June 24, 2004

Separate courts for mentally ill focus on rehab

A group in Rockland, NY composed of mental health advocates, law enforcement officials, and judges is seeking to establish a special criminal court to try offenders with mental disorders.

According to one mental health official, the goals of such a court would include keeping the accused from reoffending, and aiding his/her treatment and recovery. Supporters point out that our nation's prisons are currently overflowing with the mentally ill, and that people who are sick need and deserve treatment, not jail time.

Among the issues to be addressed before such a court becomes a reality is what kind of cases would be tried there, and how the institution would be funded.

Says Rockland District Attorney Michael Bongiorno concerning what kind of cases are appropriate for a mental illness courtroom, "I'm willing to look at it in terms of misdemeanors [such as petty larceny, disorderly conduct, and property damage]. I'm not willing to look at it in terms of felonies, especially violent felonies. ... Those cases are too serious. I don't believe this program is appropriate for violent felons and career criminals."

Rockland officials have many models to choose from - currently there are about 90 mental-health courts across the country, either functioning or in planning stages.

The City of Seattle Municipal Court system was one of the forerunners in establishing a separate mental health court facility. Based on a preliminary evaluation report provided by the Municipal Courts, a mental health court is successful in reducing number of bookings for mentally ill offenders (although the jail time was increased for repeated offenders), as well as increasing length and intensity of treatment (as compared to a normal municipal court). To review the full evaluation report, please refer to www.cityofseattle.net/courts/ and search for "Mental Health Court Evaluation Report"

Canada currently has two provinces with separate court systems for mentally ill offenders; Manitoba will soon follow suit. The project is divided into phases, with the first phase aimed at offenders with fetal-alcohol syndrome, and the second phase focused on adults with schizophrenia. The overseeing Attorney General Gord Mackintosh asserted that one of the main goals of the court system will be ensuring proper diagnosis of offenders. (Source: CP, Western General News, "Manitoba will soon be the third Canadian province with a separate court system for the mentally ill or intellectually challenged" June 22, 2004).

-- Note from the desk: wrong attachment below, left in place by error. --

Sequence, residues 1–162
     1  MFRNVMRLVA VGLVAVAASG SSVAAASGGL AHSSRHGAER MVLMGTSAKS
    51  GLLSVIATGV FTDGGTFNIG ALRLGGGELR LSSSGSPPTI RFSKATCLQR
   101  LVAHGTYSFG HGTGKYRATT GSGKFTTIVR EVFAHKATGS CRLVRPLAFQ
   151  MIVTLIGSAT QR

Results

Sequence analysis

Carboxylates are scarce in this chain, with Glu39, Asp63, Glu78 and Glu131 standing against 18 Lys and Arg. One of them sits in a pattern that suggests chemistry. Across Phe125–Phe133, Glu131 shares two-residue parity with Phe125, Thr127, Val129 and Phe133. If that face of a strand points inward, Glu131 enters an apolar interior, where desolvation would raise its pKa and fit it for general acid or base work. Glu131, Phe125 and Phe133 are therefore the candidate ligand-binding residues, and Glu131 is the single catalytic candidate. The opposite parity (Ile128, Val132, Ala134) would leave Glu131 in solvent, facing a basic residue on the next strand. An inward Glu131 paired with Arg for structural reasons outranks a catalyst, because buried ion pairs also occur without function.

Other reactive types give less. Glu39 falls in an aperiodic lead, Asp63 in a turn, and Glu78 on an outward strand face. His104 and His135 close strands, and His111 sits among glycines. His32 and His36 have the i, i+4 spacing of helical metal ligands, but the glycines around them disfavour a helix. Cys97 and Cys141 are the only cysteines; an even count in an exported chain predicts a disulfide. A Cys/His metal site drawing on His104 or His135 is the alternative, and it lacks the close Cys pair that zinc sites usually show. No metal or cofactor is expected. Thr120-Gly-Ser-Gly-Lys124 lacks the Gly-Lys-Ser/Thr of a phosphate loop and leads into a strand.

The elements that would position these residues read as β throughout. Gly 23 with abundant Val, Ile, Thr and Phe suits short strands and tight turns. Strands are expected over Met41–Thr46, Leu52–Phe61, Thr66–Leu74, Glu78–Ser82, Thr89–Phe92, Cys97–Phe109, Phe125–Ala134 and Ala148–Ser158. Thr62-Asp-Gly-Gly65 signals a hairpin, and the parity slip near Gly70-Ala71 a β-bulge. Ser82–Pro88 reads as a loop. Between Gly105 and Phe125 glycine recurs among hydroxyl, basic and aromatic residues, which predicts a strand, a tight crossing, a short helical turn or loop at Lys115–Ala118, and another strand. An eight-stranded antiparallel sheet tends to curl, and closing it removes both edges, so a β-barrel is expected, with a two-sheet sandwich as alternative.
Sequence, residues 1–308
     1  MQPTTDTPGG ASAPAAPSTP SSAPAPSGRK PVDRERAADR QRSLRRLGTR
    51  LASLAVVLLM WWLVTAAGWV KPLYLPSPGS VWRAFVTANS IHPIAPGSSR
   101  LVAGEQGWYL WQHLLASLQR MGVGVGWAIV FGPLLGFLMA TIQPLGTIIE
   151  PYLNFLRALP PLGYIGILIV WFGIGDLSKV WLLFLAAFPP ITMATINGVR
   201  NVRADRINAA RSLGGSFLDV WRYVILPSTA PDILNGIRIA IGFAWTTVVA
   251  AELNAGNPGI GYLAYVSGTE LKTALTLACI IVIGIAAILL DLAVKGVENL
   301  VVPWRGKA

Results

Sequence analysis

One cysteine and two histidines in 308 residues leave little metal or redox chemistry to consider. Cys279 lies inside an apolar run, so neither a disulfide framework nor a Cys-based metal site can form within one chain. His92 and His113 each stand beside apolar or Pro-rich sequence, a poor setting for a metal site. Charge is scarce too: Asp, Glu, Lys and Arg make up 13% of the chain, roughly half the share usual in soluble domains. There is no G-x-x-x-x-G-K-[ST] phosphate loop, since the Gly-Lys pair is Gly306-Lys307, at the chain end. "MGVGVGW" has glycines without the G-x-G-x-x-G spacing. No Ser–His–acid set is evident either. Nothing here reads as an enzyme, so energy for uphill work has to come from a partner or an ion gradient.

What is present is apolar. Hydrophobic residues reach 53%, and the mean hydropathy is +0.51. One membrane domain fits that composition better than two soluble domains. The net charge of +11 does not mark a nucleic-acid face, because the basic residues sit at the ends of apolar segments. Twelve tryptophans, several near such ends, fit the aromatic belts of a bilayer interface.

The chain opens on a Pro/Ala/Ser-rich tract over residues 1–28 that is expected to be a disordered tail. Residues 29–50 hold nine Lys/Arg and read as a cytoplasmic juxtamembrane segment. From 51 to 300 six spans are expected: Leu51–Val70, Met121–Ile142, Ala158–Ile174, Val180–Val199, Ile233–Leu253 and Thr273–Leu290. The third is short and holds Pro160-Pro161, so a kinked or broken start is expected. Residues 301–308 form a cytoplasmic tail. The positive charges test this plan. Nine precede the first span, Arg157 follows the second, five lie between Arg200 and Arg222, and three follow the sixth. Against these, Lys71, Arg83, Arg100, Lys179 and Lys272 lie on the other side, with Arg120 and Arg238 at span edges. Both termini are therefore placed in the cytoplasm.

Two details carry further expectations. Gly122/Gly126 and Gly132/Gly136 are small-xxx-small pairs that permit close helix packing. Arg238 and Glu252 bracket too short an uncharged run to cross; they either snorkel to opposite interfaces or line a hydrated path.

For more information, please see the full-text news article of "Advocates seek court for mentally ill defendants" (The Journal News, June 21 2004).

To learn more about the issue of the mentally ill in prisons, and current initiatives to help relieve the problem, please see "Behind Bars: American Prisons - The Mentally Ill Offender at http://forensicpsychresearch.freewebsitehosting.com. The research is provided by a Forensic Psychology Intern/Human Services Support Specialist.


I think mental ill person should be first put in a mental ward, to find the medicine to care for his mental problems, a mental hospital should be the place for people who are currently on medication and seeing a psychiatrist. So that the proper medication can be giving for the crime that may have happen.

Posted by: Jerry McNair at August 17, 2004 08:55 PM

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